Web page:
Archive for October 22nd, 2003

Where have all the young men gone?

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As
the ratings have rolled in for the first three weeks of the new television
season, one question has dominated the conversations inside the industry’s
executive suites: what the heck is going on?

Network executives are baffled by a season unlike any seen before. Returning
hit shows like "Friends" and "E.R." are losing significant
numbers of viewers from previous years. New shows have performed far worse
than almost anyone expected, a result capped off Monday night when the
Fox network started two shows that had received huge promotional pushes
during the baseball playoffs, "The Next Joe Millionaire" and "Skin," and
they posted crushingly disappointing numbers. And men between 18 and 24
are apparently deserting television in droves. So far this year nearly
20 percent fewer men in that advertiser-friendly demographic are watching
television during prime time than during the same period last year.

Video games? On-line porno? Blogging?

from the New York Times

 

The View from the 108

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The
108 bus – Malden Station, Lebanon St. – was a cacophony of idioms this
afternoon, carrying the Dowbrigade and a cohort of working-class
heroes home from the labor wars.  I
boarded the bus at the Malden Center stop – Orange Line – and noticed
Don Julio already aboard.

Don Julio is the uncle of a friend of my wife, a 65 year old Peruvian
baker who, faced with an untenable retirement in an unstable economy
teetering on the edge of political chaos, decided to pay an extended
visit to his niece, a pharmacist working as a cook at a Peruvian restaurant
in East Boston.

Don Julio is a thin, quiet man with a shy smile and eyes which speak
more eloquently than his words. He is currently working three jobs: as
a cook in a neighborhood grill, at the carwash over on Rte. 60, when
the weather is good, and helping his niece in cleaning houses, which
is HER second job.  She has already bought a nice apartment in Trujillo,
Peru, a charming mid-sized city on the Pacific coast of South America,
known for its pre-Colombian ruins, Colonial architecture and eternal
spring-like climate, and where, coincidentally, the Dowbrigade spent
many years toiling at the National University, teaching Languages and
Linguistics.

These are the people Rush Limbaugh and Jay Severin want to throw out
of the country, at the very least.  Both of them are, technically,
here illegally; although they entered the country on legal visas, they
have overstayed them. They pay taxes, do not use social services, and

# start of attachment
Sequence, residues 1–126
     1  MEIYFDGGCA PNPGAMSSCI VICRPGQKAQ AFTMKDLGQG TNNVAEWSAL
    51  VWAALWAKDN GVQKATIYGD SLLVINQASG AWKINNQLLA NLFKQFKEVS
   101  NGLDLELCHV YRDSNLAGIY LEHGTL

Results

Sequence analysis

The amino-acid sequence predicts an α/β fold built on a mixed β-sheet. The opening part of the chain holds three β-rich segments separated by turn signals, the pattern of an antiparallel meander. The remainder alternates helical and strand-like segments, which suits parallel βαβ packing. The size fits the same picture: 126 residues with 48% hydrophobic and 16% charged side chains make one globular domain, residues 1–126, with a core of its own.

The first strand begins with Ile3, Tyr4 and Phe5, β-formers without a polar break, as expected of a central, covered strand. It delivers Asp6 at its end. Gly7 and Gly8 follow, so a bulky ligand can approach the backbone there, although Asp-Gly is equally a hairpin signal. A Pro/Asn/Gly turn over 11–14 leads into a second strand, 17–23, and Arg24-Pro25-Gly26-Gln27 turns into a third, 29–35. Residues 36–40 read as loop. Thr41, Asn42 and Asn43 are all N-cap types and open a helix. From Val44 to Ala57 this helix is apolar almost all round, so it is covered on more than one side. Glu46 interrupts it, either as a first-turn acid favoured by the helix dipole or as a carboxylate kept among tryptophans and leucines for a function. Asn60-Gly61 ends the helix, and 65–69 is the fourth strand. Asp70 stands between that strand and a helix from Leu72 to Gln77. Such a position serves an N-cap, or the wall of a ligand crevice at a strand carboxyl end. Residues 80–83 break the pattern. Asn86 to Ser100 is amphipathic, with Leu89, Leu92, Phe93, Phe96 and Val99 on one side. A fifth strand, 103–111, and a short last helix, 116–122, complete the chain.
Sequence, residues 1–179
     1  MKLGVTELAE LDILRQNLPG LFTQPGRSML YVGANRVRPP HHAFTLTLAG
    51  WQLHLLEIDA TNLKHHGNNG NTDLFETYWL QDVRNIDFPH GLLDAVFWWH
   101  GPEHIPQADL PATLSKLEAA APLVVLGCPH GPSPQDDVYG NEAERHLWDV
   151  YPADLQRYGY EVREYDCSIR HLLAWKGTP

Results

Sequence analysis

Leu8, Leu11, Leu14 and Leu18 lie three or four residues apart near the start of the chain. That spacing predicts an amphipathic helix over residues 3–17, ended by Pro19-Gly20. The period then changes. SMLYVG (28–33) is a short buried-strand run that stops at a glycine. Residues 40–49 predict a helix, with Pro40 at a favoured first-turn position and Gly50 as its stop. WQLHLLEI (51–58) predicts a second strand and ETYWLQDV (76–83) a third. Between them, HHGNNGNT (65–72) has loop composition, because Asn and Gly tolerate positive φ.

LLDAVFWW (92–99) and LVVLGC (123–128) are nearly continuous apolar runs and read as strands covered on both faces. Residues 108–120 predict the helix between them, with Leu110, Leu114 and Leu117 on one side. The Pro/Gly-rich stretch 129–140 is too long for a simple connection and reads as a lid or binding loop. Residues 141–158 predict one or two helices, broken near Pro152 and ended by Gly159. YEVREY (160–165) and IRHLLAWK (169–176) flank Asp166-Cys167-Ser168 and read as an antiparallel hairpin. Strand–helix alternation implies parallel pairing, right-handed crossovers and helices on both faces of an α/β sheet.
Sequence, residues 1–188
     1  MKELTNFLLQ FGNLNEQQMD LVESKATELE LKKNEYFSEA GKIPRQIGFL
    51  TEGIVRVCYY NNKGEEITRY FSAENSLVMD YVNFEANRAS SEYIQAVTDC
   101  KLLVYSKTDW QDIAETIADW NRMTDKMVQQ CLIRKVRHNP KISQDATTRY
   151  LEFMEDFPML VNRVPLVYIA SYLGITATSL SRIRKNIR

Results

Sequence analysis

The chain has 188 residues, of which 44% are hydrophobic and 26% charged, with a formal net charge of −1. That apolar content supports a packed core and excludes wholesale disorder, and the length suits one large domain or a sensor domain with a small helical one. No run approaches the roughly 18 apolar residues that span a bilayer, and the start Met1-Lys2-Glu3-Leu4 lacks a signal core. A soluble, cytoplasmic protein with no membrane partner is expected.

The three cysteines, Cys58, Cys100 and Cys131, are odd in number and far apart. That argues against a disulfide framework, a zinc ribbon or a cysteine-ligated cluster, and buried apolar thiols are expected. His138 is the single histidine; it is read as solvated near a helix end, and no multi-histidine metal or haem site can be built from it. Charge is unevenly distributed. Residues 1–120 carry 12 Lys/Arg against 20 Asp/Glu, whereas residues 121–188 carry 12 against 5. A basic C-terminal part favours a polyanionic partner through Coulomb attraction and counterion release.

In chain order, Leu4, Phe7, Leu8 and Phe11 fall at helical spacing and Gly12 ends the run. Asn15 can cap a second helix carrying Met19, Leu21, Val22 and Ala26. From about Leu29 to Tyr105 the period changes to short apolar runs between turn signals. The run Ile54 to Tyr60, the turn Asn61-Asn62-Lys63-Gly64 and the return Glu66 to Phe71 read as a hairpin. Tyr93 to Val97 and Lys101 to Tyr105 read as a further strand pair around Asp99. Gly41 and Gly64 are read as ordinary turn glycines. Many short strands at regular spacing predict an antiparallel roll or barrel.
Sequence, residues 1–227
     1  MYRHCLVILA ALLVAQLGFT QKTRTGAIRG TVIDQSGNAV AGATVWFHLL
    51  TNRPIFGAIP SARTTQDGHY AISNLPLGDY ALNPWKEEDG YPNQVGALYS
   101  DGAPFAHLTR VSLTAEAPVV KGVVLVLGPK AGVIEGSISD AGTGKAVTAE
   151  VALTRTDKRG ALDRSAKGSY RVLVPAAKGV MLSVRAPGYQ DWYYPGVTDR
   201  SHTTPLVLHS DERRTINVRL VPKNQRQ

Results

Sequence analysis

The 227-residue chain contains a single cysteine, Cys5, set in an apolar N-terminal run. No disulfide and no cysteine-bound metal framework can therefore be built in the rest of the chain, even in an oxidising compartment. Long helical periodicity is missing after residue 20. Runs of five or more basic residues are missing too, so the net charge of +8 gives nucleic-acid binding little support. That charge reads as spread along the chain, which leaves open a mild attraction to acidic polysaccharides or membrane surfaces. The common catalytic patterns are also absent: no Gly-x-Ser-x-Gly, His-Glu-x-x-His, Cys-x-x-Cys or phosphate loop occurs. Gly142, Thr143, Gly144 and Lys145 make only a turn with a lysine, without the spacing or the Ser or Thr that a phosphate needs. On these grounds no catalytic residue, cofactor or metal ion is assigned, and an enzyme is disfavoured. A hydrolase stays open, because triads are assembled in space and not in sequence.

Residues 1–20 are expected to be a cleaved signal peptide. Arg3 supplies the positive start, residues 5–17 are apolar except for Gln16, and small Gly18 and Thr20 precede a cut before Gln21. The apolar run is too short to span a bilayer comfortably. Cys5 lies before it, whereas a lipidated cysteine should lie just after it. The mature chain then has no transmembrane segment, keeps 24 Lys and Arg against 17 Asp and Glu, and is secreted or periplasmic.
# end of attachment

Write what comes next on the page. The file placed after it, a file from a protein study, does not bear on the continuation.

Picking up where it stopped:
work harder as a group than anyone else I know.  They know, perhaps
more palpably than the native born, the true value of the incredible
land of opportunity Americans have created.

Back where they come from, the people who have the most, work the least.  Conversely,
those who are dirt poor have to work from dawn to dusk just to stay alive.  Imagine
how mind-blowing and liberating it must be to finally find yourself in
a place where the more you work, the more you earn.  Where you can
actually get ahead of the game, pull yourself up by the bootstraps, and
save enough money to finally stop working for a few years before you
ring it up.

Anyway, I sat there chatting up Don Julio in Spanish as the 108 pulled
into the plexiglas bus shelter in front of the Super Stop and Shop,
where all the ancient retirees who live
at the
octagonal Salem Towers get aboard with their pathetically meager shopping
bags of pasta, oatmeal and formula.

Seeing as conversation with Don Julio is
punctuated with long contemplative pauses, I had the opportunity to
eavesdrop on
some of the other conversations going on around me.

The human ear is a marvelous instrument.  At a cocktail party,
with 50 conversations going on simultaneously all around, a person can
isolate a single pair of voices and filter out all the rest.  Not
even the most sophisticated electronic eavesdropping system can do that
as well as the human ear and brain.

In front of us and across the isle, a pair of burly guys in dirty work
clothes, boots, hooded sweatshirts and ruddy, outdoorsy complexions
were talking
loudly in Italian, discussing the various merits and demerits of their
respective unions. One was in the ironworkers union, the other in some